Beginners guide to MTG play mistakes by Kevin Klotz

Beginners guide to MTG play mistakes by Kevin Klotz

So last Friday night I was playing some Magic the Gathering at my local shop (I mean, what else would I be doing on a Friday Night) and let’s just say, I wasn’t playing so hot.

During either round two or three, I don’t remember exactly which one, I sat down across from my opponent with my Grixis Control deck and prepared to go up against Tempered Steel. My opponent was somebody from the shop who I had played against many times in the past but had not seen in a long while until this night. During many of the previous matches I had played against him, I had defeated him and then afterwards explained to him how he could have won the match if he had not made certain play mistakes. So needless to say, combined with that information and knowing that he had just got back into Magic, I was feeling pretty good about my chances in the match.

So we shuffled up and started the match. I was on the play and at the end of his second turn he had three creatures on the board and I was sitting pretty with a Black Sun’s Zenith in my hand; ready to use it for one and wipe his board, which I proceeded to do. I was feeling pretty good with an empty board and counter magic as well as removal in my hand. I wasn’t worried about the turn three Tempered Steel that he may play because I figured it would be worth the three for one from the Zenith. So sure enough, for his turn three he played a Tempered Steel and passed.

I don’t remember the exact events of the game for the next few turns but we came to a point where I had five lands in play with a Dissipate and a Devil’s Play among other cards in my hand and my opponent only had his Tempered steel in play. For his turn he cast an Etched Champion. I could have, and probably should have, countered it but I figured he didn’t have metalcraft so I could just kill it with my Devil’s Play and leave mana open to counter anything he plays next turn. Now if you stop and think for a minute you will realize the flaw in this logic. Devil’s play is not an instant and I only had five lands in play. If you don’t see the problem here just wait and you will.

So he passed his turn, I untapped and proceeded to use my Devil’s Play to kill the Champion as planned. So I tapped three lands and threw the Devil’s Play at my opponents Champion for two damage to kill it. My opponent gave me a puzzled look and said “okay“. I paused for a moment wondering why he wasn’t proceeding to place his Champion into the graveyard.

It was at that point I remembered a key factor, there was a Tempered Steel in play. So two damage wasn’t enough to kill the Champion. So what did I do? I tapped one more land and said “oh, I meant to do it for three damage”. My opponent looked at me again with a smirk on his face and politely repeated… “okay“. At this point I was still wondering why he wasn’t moving the Champion to the graveyard and asked “HOW BIG IS THAT THING ANYWAY?” as I grabbed the Tempered Steel to read it. It was at this point I made the obvious realization that I had to do FOUR damage to the Champion in order to kill it. Feeling incredibly stupid I asked my opponent again, “can I take that back” wanting to cast the Devil’s Play for four and actually KILL the Champion. He responded with, “no, I already let you take it back once, I am not going to let you do it again. Especially after all the times you told me my mistakes at the end of matches that cost me the win“.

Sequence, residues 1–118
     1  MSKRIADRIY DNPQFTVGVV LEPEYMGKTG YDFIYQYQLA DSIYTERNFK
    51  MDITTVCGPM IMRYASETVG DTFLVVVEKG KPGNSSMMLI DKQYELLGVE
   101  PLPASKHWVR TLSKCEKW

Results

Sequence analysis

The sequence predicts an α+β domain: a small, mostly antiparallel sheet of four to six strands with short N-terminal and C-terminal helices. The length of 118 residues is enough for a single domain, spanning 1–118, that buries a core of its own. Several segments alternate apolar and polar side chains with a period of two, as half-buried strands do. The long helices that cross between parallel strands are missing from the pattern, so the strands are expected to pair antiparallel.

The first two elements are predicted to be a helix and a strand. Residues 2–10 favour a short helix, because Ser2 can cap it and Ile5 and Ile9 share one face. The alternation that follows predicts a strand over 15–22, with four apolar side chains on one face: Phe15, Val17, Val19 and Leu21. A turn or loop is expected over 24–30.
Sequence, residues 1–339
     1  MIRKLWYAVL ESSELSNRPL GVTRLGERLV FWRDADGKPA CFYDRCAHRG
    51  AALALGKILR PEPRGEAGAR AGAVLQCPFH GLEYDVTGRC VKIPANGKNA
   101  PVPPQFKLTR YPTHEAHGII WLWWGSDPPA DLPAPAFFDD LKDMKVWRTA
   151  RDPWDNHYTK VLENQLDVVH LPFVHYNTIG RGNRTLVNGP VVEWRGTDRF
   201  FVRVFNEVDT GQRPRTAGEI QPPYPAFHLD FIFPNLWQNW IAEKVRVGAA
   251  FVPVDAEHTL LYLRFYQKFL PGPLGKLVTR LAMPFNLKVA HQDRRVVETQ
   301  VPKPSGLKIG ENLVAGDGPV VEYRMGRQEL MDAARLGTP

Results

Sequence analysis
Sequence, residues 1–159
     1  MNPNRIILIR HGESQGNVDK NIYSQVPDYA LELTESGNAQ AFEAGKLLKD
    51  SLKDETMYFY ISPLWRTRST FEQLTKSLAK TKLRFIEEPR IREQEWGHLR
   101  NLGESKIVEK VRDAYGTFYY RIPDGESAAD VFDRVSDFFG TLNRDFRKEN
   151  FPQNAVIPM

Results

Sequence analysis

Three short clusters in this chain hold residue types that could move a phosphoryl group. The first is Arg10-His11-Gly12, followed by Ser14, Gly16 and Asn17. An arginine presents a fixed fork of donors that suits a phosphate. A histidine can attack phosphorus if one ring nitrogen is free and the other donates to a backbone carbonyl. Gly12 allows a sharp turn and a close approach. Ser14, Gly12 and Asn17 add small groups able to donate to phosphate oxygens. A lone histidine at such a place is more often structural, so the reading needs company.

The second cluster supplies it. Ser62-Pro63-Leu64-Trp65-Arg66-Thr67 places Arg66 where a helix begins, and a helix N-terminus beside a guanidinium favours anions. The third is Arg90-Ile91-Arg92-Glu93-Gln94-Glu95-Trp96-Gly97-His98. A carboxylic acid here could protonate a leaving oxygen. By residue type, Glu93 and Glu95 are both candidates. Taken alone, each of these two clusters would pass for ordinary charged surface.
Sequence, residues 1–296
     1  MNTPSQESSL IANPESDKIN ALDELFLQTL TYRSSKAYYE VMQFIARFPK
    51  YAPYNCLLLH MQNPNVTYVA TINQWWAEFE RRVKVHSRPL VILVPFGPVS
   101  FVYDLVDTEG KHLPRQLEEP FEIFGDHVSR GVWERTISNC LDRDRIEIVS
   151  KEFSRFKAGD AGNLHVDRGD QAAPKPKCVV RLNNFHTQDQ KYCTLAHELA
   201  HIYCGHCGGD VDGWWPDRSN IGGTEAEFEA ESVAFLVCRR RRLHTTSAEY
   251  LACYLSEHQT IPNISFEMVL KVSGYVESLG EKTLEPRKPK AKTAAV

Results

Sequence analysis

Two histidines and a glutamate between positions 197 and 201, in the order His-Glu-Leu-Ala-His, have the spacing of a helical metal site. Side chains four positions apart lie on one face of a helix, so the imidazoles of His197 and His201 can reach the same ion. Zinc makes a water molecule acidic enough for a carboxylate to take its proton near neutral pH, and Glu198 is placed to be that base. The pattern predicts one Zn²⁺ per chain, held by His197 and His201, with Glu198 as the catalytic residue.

So there I was, with only one land untapped, counter magic in hand and a wasted Devil’s Play in my graveyard. At that point I might as well have scooped it up because my opponent took full advantage of me being tapped out and I spent the rest of the game trying to deal with the Champion and ultimately lost.

Afterwards we had a good laugh about the game.Recapping my thoughts of the game went something like… “here, you can win, I don’t want to… no seriously I don’t want to win… I’ll just punt the game right here and now“. I then made a comment of how “It would be nice if I actually KNEW how to play Magic. I might actually be able to win!“.

So what can be learned from all of this? 

For starters, be sure that you read the cards when you are playing MTG and know EXACTLY what they do.  And then make sure you REMEMBER.  I think we get so used to seeing the same cards over and over when we play competitive MTG that sometimes we only partially remember what the exact text on a card is, or what we assume it does. 

Of course there are also the times (like this one) when we just completely forget about a card being on the board.  I have noticed that sometimes when there are enchantments or artifacts in play that are just sitting on the side automatically doing things; we can overlook them or even forget they are there.  So it is also important to keep up with the game-state during a match.  Remember, in competitive play, if there is a card on the field that automatically does something every turn (like a Shrine) then you are required to make sure it gets all it’s counters or whatever it is that card does, even if it isn’t your card.  If you miss an activation, that isn’t a “may” ability, and there is a judge dispute over it, you will both be penalized for not maintaining game-state, not just the controller of the card.

So pay attention and be smart when you are playing MTG.  Play mistakes are the difference between an average player and a professional.

Check out gameplays from my weekly FNM on youtube.com/klotzproductions

Kevin Klotz

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